Brands are also working with us to successfully transform their digital operations, and, as a result, they’ve seen incredible brand revitalization and new customer acquisitions. As an example, Innisfree, a popular cosmetics brand from Korea, worked with us to complete a “New Retail” digital makeover for its offline stores in China, introducing interactive technologies and merging online and offline memberships. Shiseido has also opened an office in Alibaba’s hometown of Hangzhou to collaborate with us more closely and also jointly develop products targeted to Chinese consumers. Today’s consumers in China have rapidly changing tastes, and as a result, brands have realized the success of their operations is dependent on their ability to digitally innovate.
How do you get brands, especially heritage beauty companies, to double down on digital innovation when they are not necessarily accustomed to it?
Chinese consumers do not see the same distinctions between online and offline, and neither should our partner brands. For the brands and businesses on our platform, “New Retail” means the full digitization of their entire retail value chain, including consumer engagement, inventory management, logistics and even product development. When brands embrace digital innovation, not only does it mean greater profits and consumer engagement for them, but also retail as a whole becomes more tailored to consumer preferences and is more flexible and efficient.
What are some of the tools Tmall is incorporating to make shopping more seamless within “New Retail”?
Some of our newer solutions are brand employees going online to serve as “beauty advisers.” Some of these advisers have outstripped celebrity KOLs [key opinion leaders] in popularity and are helping drive online sales and traffic to a brand’s offline stores. With “try before you buy,” users can pay a 10 percent deposit to test a product with the promise of a simpler and faster refund process. And our interactive vending machines use the mobile Taobao app, where customers can scan a QR code and purchase individual or sample-size beauty products at a discount to test a product.
How important are customized beauty experiences on Tmall for both customers and brands?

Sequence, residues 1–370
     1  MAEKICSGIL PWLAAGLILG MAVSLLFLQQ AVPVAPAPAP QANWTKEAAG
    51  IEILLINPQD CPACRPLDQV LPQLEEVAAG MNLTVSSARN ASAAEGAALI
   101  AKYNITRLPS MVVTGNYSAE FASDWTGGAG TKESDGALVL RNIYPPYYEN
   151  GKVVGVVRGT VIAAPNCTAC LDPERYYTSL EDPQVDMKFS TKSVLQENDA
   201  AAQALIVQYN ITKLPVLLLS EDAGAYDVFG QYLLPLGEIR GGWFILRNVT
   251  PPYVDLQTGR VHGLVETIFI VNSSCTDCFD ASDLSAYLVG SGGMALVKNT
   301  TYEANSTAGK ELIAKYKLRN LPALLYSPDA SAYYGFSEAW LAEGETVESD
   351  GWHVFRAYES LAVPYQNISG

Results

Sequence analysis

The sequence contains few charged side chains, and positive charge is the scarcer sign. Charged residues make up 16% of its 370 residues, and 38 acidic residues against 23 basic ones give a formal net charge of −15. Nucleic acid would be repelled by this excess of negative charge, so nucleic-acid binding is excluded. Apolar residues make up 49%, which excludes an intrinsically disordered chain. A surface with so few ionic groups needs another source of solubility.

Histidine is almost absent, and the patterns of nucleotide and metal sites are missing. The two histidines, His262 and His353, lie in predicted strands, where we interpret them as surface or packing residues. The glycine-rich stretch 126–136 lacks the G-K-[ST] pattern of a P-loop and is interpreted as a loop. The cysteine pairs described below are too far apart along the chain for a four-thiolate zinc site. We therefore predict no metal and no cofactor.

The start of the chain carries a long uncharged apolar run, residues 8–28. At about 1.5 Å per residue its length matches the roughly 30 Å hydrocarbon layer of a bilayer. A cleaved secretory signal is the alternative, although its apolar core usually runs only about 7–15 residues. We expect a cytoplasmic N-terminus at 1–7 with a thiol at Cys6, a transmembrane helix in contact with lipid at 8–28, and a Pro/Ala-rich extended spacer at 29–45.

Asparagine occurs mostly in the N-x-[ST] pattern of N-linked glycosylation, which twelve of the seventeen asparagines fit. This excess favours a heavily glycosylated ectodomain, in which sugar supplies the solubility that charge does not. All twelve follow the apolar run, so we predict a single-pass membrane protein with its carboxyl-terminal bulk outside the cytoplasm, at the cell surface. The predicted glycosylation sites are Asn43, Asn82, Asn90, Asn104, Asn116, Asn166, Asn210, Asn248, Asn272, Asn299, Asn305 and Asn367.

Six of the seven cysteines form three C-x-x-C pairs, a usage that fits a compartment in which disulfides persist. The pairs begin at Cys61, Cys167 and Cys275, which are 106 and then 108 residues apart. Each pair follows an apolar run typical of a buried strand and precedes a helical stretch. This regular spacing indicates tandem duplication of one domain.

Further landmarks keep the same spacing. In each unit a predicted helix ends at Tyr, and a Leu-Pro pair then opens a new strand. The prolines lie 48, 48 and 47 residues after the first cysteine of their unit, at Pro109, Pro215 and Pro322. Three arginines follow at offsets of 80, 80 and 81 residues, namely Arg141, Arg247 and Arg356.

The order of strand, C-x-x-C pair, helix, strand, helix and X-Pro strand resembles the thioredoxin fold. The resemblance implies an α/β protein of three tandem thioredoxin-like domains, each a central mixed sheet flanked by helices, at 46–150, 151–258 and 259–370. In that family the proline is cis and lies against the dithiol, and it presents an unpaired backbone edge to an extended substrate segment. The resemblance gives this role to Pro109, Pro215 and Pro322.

Our partnerships are driven by the aim to provide more personalized experiences, both online and offline. Tmall storefronts often serve to boost traffic and engagement in a brand’s offline space. For example, Coty’s Wella hair-care line allowed shoppers to try on different looks and purchase hair services online on our platform, and then redeem those services at a hair salon. About 54 beauty brands, including Estée Lauder, La Mer and Laneige, have integrated their online and offline membership programs, and now allow users to make appointments online for skin-care treatments in brick-and-mortar stores. For young consumers, shopping is a full-fledged lifestyle. They are looking to express themselves through distinct looks and are seeking out unique experiences or exclusive, customized products when they shop.
Chinese beauty consumers are becoming much younger. How are you responding to their demands from a trend perspective?
They are more willing to try new products at faster rates, and as a result, they’re helping to set nationwide beauty trends. Users born after 1990 make up over 40 percent of shoppers on Tmall Global, overtaking those born in the 1980s as the main consumption force. We see some exciting new beauty trends in China and are working with our brand partners to make sure they are able to seize these opportunities. Male beauty and grooming is on the rise in China. In terms of category expansion, we see greater rates of adoption of skin-care tools and beauty devices. Brand-wise, we are working on expanding the selection of Japanese and Korean beauty brands, and we’re also working with more influencers as they develop their own individual beauty lines and brands.